Community cats and FIV/FeLV: To test or not to test?

August 15, 2017

Should animal shelters operating Return to Field and TNR programs test cats in those programs for FIV and FeLV?  The American Association of Feline Practitioners says no, and so does Tanya Hilgendorf, executive director of the Humane Society of the Huron Valley in Michigan. Here’s why.

Recently a volunteer TNR trapper told me she has all of her cats tested. She said that at one site there were two positive FIV cats and three positive FeLV cats. They were not sick, but were snap tested and then immediately put down.

The test and the euthanasia together cost more than the sterilization. She later learned that one of the cats was likely an indoor/outdoor cat belonging to a neighbor.

A few months before that, I learned of a healthy TNR cat who sat in a cage at another shelter, in a constant state of fear, for a month because she tested positive for FIV and no one knew what to do with her. They didn’t want to euthanize but were uncomfortable placing her.

A while before that, a shelter was planning to euthanize a litter of FIV positive kittens found outside. After we advised them not to because of the risk of false positives, they adopted them all out and later learned through re-testing that none actually had FIV.

So, why is “to test or not test” the question that never seems to die?

1. We in the animal welfare industry once learned (or still learn) that these are uniformly terrible diseases and cats that have them must be euthanized for their own sake and that of other cats at risk of infection.

2. Veterinarians tend to be trained only in terms of animal health and disease prevention of pets, rather than overall animal welfare. While the perspectives overlap, there is a difference. Some mistakenly believe that testing and euthanizing positive cats will help eradicate the disease. A segment may also see the value of cat (and dog) in relation to their ownership status rather than their intrinsic value, making euthanasia an easier solution when the cat has no owner.

3. Some private practices have come to see these tests as a normal part of their revenue stream, and they may be encouraged regardless of the usefulness of the information.

4. Many in our field are still unaware of the challenges in verifying a truly positive infection.

Because testing gets emotional and blurry fast, it is important to set a clear policy and stand by it firmly. Here, we don’t test and we don’t allow testing. If an individual colony manager demands it, we make them sign a waiver stating they will take the cat back regardless of the results.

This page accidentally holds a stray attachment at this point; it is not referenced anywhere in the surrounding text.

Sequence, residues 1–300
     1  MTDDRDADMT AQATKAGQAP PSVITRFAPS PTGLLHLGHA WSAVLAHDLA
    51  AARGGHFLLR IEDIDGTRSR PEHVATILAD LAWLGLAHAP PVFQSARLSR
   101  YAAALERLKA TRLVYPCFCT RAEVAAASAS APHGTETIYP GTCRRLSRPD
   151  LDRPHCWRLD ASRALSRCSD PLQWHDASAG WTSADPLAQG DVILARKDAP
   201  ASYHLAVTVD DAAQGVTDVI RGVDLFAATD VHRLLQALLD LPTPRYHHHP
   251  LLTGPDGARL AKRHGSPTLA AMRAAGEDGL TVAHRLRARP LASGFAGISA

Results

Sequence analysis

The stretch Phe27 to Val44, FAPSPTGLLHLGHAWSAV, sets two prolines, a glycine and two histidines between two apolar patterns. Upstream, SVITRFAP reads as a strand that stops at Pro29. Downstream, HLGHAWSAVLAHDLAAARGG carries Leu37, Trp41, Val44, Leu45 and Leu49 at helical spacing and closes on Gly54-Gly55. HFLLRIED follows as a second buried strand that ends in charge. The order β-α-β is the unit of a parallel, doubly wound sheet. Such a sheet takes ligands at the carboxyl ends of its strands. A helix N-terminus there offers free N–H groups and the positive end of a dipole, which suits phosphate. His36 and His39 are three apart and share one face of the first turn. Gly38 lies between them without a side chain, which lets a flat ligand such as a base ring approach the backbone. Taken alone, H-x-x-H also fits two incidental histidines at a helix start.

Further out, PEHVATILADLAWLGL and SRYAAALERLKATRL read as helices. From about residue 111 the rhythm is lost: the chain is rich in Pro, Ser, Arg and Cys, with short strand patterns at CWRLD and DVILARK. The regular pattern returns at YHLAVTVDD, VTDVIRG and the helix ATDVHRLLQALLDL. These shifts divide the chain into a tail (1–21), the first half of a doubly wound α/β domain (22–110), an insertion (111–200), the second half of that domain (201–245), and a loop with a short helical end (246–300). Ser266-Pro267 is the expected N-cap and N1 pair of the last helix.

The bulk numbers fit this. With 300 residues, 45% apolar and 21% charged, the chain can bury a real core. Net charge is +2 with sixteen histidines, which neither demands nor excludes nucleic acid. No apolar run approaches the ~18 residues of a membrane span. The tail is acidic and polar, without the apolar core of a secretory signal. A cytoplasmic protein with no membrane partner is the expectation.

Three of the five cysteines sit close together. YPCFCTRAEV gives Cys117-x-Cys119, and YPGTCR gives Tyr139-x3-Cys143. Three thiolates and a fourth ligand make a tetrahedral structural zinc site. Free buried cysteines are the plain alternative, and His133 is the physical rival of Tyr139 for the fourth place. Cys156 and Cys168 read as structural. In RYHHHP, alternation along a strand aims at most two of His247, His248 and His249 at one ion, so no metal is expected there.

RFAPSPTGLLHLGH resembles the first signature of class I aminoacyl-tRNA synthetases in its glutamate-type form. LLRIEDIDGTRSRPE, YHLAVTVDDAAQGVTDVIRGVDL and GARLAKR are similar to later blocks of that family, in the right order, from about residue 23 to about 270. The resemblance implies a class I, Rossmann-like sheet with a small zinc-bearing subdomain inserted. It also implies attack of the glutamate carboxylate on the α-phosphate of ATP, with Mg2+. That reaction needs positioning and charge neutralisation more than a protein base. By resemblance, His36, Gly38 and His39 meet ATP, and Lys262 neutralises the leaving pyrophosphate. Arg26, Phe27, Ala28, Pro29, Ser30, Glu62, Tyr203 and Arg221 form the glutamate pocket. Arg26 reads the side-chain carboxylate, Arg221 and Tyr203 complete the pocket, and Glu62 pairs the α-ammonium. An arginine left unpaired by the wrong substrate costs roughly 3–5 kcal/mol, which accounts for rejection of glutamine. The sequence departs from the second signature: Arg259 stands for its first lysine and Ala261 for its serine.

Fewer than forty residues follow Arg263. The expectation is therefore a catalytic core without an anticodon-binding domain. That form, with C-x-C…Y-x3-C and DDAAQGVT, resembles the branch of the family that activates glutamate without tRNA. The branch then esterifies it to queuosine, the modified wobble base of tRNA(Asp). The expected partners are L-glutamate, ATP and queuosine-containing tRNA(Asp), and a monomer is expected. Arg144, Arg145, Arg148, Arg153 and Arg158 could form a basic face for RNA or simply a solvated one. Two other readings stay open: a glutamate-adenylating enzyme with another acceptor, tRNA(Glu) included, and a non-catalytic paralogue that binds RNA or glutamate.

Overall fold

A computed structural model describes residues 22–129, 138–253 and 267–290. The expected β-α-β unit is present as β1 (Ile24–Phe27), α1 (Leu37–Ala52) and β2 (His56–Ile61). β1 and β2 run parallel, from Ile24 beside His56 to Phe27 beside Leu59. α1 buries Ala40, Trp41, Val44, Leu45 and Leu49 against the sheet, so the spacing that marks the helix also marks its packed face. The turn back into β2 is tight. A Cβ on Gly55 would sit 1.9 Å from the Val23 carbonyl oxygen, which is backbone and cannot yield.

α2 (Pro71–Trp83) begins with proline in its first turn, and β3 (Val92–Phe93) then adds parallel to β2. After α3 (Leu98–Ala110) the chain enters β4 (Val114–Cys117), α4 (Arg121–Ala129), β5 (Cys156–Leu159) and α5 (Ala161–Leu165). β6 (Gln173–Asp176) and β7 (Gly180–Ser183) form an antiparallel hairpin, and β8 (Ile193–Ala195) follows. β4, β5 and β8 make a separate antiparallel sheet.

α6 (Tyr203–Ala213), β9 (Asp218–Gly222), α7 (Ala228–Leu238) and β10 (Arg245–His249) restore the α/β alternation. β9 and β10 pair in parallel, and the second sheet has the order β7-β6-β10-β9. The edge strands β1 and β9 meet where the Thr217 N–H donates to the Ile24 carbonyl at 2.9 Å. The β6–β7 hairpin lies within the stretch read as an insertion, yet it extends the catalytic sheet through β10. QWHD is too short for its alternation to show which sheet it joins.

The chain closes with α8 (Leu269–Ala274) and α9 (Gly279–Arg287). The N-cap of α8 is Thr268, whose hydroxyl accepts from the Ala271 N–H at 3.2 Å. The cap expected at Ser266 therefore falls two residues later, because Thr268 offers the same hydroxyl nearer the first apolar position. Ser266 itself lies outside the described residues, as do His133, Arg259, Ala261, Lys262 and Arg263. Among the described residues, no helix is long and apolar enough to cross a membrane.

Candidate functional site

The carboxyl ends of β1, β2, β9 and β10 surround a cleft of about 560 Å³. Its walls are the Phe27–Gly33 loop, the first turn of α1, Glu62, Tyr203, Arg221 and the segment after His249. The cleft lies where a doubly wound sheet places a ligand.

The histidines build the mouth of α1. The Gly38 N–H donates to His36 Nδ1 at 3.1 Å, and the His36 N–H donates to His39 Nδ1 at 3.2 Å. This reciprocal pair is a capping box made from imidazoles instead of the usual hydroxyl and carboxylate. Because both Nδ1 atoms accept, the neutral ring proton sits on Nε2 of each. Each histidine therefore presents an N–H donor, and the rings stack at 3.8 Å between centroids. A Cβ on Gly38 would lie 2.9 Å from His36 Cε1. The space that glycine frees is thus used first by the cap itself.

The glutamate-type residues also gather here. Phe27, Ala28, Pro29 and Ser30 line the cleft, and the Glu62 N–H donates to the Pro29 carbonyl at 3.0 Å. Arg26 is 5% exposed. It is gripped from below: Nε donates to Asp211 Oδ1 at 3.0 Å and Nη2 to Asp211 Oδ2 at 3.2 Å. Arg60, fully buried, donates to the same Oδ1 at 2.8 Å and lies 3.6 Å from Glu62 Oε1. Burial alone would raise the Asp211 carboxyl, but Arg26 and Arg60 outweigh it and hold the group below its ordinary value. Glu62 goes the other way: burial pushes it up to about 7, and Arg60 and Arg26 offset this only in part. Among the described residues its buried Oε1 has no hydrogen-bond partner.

We tell folks…

  • We don’t test, because the information is irrelevant to our purpose. Our primary purpose in sterilization is to reduce population, which secondarily prevents nuisance behaviors, disease spread, sickness and needless euthanasia.
  • We don’t test, because a great way to stop the spread of disease is by doing exactly what we are doing — stopping the mating, procreating, fighting and malnutrition that comes with the hardscrabble life of being an intact outdoor animalWe don’t test because FIV has largely become a non-issue. Although there are health risks, recent studies now show FIV does not shorten a cat’s lifespan compared to non-FIV cats.
  • We don’t test because nearly every FeLV cat I’ve met is a sweetheart and is no less deserving of life, even if likely shortened, than any other cat.
  • We don’t test because testing is expensive, time consuming and perhaps most importantly, complicated– a death sentence based on unreliable information. Kittens and FIV vaccinated cats may test positive falsely. FeLV confirmation takes multiple and varied tests over time. Few of us have the time, space and money to test community cats properly, and few community cats would find extended holding time for testing tolerable.

Testing and then killing healthy, thriving cats we think are positive for FIV or FeLV infection does not help individual cats, or cats overall.

Use testing as a diagnostic tool for sick cats; save euthanasia for the irrevocably suffering. Remind those hand-wringers that we all die of something sooner or later. Resist more expense, headache, and heartache that you definitely don’t you need by putting routine FIV/FeLV testing of community cats to rest once and for all.

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  1. Too expensive to keep retesting mild positive kittens. Did this last year with 7 feral bottle babies. 3 ended up negsyive at test number 3. 4 are still positive. They have nit ibfected any other csts in our rescue home. Tbey are as sweet as can be and just turned 1 year old. Seems nobody wants to adopt them. Sad, cause they are such loving kitties. Have spent a fortune on vet bills for this group.

    Comment by Dorothea Boughdadly — August 17, 2017 @ 1:33 am

  2. LOVE this article! We do ( or don’t) this for years- NOT testing feral, only if they are sickly. We also ONLY test FelV for our rescues-I am happy to see that this FIV testing is highly! over rated!! Still Felt is important to test since its so contagious.

    Comment by Katrin Hecker — August 26, 2017 @ 3:39 pm

  3. What a beautifully written and insightful article. Well done and our sentiments EXACTLY

    Comment by Christi Metropole — February 1, 2018 @ 12:56 pm

  4. I always test if I am going to try to socialize. But if you have the funds it is good to test for Feline Leukemia which is very contagious. It is not fair to the other feral cats for there to be a positive cat in the colony.

    Comment by judi Germaine — February 9, 2018 @ 9:10 pm

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